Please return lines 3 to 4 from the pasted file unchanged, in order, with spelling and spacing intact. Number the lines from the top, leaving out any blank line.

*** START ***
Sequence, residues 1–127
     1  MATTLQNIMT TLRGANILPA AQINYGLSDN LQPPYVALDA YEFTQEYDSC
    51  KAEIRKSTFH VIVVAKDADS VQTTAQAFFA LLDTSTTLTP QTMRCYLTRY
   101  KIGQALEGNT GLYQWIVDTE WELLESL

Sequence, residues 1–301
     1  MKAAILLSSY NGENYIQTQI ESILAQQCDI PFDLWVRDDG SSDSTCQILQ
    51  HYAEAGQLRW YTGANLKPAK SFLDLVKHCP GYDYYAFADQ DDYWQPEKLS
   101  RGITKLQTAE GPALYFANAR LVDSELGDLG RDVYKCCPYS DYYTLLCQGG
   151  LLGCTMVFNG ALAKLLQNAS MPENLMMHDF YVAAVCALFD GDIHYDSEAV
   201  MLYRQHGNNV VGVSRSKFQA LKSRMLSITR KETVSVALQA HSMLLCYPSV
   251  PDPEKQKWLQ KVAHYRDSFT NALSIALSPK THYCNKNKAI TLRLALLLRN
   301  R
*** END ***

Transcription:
    51  KAEIRKSTFH VIVVAKDADS VQTTAQAFFA LLDTSTTLTP QTMRCYLTRY
   101  KIGQALEGNT GLYQWIVDTE WELLESL